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Old 10-01-2019, 05:52 AM
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What did Nixon do in his last 15 hours in office?


On August 8, 1974 at 9:01 PM Eastern Time, Richard Nixon delivered a speech announcing his resignation, which was to take effect the following day at noon.

What did Nixon do between this announcement and actually leaving office on August 9? In particular, did he carry out any official acts? I know that a lot of presidents choose to spend their last day in office granting mass pardons and commutations; did Nixon do anything like that? Did he sign or veto any bills from Congress, classify or declassify any documents, fire or appoint anyone to public office, make any business calls to national or foreign leaders, or do any other "presidential" things? If not, what was the point of waiting 15 hours after the speech to resign, rather than resigning immediately?
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Old 10-01-2019, 06:49 AM
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Here's a fairly detailed account from the History Channel:

https://www.history.com/news/the-las...y-40-years-ago

Basically he made a lot of phone calls, wrote his resignation letter, and worried a lot.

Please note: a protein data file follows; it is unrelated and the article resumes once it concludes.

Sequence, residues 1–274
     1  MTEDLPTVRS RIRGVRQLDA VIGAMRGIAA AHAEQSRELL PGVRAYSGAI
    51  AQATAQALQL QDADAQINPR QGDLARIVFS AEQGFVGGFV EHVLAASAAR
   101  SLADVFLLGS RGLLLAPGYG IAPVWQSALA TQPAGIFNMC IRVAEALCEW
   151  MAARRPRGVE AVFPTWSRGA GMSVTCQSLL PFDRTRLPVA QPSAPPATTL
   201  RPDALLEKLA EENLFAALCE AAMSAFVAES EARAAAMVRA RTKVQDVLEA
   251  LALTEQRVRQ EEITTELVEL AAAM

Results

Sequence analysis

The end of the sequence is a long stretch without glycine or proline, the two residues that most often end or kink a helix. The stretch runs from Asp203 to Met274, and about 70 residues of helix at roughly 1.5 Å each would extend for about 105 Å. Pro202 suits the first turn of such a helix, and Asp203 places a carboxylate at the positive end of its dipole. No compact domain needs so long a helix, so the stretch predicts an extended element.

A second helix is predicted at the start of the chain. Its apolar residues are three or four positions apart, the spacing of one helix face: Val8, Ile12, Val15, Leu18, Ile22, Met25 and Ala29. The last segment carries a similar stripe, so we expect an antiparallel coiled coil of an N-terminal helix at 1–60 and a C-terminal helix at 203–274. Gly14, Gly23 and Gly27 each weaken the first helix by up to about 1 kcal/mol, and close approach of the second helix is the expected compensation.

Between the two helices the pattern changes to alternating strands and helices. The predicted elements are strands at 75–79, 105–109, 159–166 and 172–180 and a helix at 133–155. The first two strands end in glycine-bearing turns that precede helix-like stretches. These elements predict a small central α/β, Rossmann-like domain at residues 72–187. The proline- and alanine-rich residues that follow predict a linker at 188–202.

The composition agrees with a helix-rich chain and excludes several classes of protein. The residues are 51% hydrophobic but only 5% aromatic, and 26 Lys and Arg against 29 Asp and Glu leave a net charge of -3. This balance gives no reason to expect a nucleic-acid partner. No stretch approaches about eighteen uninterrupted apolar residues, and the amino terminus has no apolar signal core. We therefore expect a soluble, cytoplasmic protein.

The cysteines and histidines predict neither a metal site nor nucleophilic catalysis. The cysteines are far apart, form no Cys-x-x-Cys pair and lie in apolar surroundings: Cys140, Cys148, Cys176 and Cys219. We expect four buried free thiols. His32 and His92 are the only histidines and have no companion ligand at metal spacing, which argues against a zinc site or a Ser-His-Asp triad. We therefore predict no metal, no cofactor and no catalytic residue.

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Old 10-01-2019, 08:52 AM
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Originally Posted by psychonaut View Post
If not, what was the point of waiting 15 hours after the speech to resign, rather than resigning immediately?
Being able to do the handover in a better organized manner, especially considering this had not been done before.
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Old 10-01-2019, 09:19 AM
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Being able to do the handover in a better organized manner, especially considering this had not been done before.
I guess you must be referring to the phone calls, since apart from signing a terse pre-written resignation letter, DCnDC's article doesn't mention him doing anything else that could possibly be related to his public duties. Is it known who he called and what handover-related business was discussed?

Last edited by psychonaut; 10-01-2019 at 09:20 AM.
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Old 10-01-2019, 11:15 AM
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Probably to have Ford make a public swearing-in at a fixed time, and at the time that the presidential inauguration swearing-in normally occurs, rather than doing do at night. As well as letting Nixon leave town before Ford became president.

The handover involved two people, remember. This is was the better route for Ford.
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Old 10-01-2019, 11:25 AM
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Drinking everything he could pour into his lie hole, if I understand his habits correctly.
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Old 10-01-2019, 11:41 AM
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Probably to have Ford make a public swearing-in at a fixed time, and at the time that the presidential inauguration swearing-in normally occurs, rather than doing do at night.